Provides legal protection for your brand. Helps protect you against counterfeiting and fraud. The main purpose of a brand is to avoid unfair competition between companies that use consumer confusion to get more business. For example, if an independent restaurant used an arched gold M as a logo, it could confuse customers who think the establishment is a McDonald's.
Causing this type of confusion is against trademark law.
trademarksnot only help distinguish products within legal and commercial systems, but also significantly among consumers. Used to identify and protect words and design elements that identify the source, owner, or developer of a product or service. These can be corporate logos, slogans, bands, or the brand name of a product.
Like a trademark, a service mark identifies and distinguishes the source of a service rather than a product, and the term trademark is often used to refer to both trademarks and service marks. A trademark is a word, phrase, symbol or design, or a combination of words, phrases, symbols, or designs that identifies and distinguishes the products of a manufacturer or seller from those of others who may also sell those types of products. The main objective is to identify the source of the goods rather than describing their qualities. In other words, trademarks are used to distinguish a company's products from others in the market.
Because a trademark must be used to maintain rights to that trademark, a trademark can be “abandoned” or its registration can be canceled or revoked if the trademark is not used continuously. In addition, the courts have respected the rights of trademark owners in the commercial use of domain names, even in cases where the products sold there legitimately bear the brand. The 10th Circuit affirmed the rights of the trademark owner to that domain name, despite arguments of promising impediment. This conflict is easily resolved when the domain name owner uses the domain to compete with the trademark owner.
Since then, most jurisdictions have amended their trademark laws to specifically address domain names and provide explicit remedies against cyberoccupants. Amazon is an excellent example of a protected trademark for a domain name that is essential for the public identification of the company and its products. The advent of the domain name system has led trademark holders to try to assert their rights to domain names that are similar or identical to their existing trademarks, in particular by seeking control over the domain names in question. This is particularly desirable for trademark owners when the domain name registrant may be in another country or even be anonymous.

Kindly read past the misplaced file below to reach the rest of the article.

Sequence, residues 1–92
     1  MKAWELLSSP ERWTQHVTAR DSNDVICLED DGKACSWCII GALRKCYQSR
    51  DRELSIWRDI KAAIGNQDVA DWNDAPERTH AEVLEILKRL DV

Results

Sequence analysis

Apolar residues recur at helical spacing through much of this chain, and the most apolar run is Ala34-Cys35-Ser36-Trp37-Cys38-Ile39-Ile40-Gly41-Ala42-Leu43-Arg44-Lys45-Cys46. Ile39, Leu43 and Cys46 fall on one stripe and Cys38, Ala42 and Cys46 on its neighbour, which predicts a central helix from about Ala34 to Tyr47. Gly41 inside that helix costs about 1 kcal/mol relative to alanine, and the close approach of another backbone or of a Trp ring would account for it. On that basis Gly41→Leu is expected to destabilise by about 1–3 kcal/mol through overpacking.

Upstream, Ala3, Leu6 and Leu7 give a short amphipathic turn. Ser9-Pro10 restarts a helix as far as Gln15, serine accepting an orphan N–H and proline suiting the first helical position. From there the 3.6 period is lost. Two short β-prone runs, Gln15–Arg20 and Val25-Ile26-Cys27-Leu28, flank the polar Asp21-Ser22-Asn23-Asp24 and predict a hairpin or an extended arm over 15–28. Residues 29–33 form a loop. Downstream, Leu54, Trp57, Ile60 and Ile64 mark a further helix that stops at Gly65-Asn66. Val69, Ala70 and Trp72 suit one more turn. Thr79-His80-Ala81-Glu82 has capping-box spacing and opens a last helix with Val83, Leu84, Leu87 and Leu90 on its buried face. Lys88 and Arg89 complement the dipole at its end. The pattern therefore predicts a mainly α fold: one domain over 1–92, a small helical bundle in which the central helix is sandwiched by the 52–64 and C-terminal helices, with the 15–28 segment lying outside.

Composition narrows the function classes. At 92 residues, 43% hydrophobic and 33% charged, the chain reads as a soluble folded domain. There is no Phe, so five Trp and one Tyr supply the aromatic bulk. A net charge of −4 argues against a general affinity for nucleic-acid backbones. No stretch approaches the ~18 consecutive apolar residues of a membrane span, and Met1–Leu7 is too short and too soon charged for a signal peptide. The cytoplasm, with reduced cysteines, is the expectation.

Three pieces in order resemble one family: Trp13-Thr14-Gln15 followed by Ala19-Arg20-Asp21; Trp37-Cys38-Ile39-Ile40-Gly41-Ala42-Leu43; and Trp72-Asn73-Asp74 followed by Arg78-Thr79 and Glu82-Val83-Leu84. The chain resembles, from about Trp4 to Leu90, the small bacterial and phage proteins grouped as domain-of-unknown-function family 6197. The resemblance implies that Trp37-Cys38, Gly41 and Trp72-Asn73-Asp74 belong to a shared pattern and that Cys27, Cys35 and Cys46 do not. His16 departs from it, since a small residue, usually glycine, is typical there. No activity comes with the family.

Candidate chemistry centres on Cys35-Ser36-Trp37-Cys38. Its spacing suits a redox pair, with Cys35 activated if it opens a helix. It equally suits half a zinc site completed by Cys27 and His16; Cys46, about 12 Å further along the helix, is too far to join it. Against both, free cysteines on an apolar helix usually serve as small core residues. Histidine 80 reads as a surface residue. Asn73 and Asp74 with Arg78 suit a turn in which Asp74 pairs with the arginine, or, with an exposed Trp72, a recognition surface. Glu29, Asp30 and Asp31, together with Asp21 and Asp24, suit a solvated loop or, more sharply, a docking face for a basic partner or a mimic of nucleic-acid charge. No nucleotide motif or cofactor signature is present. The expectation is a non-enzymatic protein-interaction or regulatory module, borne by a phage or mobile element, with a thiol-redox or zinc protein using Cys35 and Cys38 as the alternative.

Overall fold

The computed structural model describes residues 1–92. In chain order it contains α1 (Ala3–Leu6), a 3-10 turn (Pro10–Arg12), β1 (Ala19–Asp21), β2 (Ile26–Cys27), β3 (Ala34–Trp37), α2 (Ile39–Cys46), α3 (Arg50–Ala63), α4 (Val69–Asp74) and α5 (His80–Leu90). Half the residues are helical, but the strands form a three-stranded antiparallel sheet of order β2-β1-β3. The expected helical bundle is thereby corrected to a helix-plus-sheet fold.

Among brand professionals, there continues to be a great debate around trademark protection as part of the proposed expansion of the generic high-level domain name space. In addition, if the owner of a trademark does not maintain adequate quality control and supervision over the manufacture and supply of the products or services provided by a licensee, such bare license will eventually negatively affect the owner's rights to the trademark. The Act also established a procedure for the publication of applications and expanded the rights of the trademark owner to include a ban on the use of the trademark, even in cases where confusion remained unlikely. Trademark rights generally arise from the use of, or to maintain exclusive rights to, that firm in certain products or services, assuming there are no other objections to the trademark.
As with other trademarks, the domain name will not be subject to trademark registration, unless the proposed trademark is actually used to identify the registrant's products or services to the public, rather than simply being the Internet location where the applicant's website appears. For example, elevator was a registered trademark at one time, but due to overuse, the word became generic and became public domain. Trademarks can also serve as an incentive for manufacturers, suppliers, or suppliers to consistently provide quality products or services to maintain their business reputation. As with dilution protection, enforcing trademark rights over domain name owners means protecting a brand outside the obvious context of its consumer market, because domain names are global and not limited by goods or services.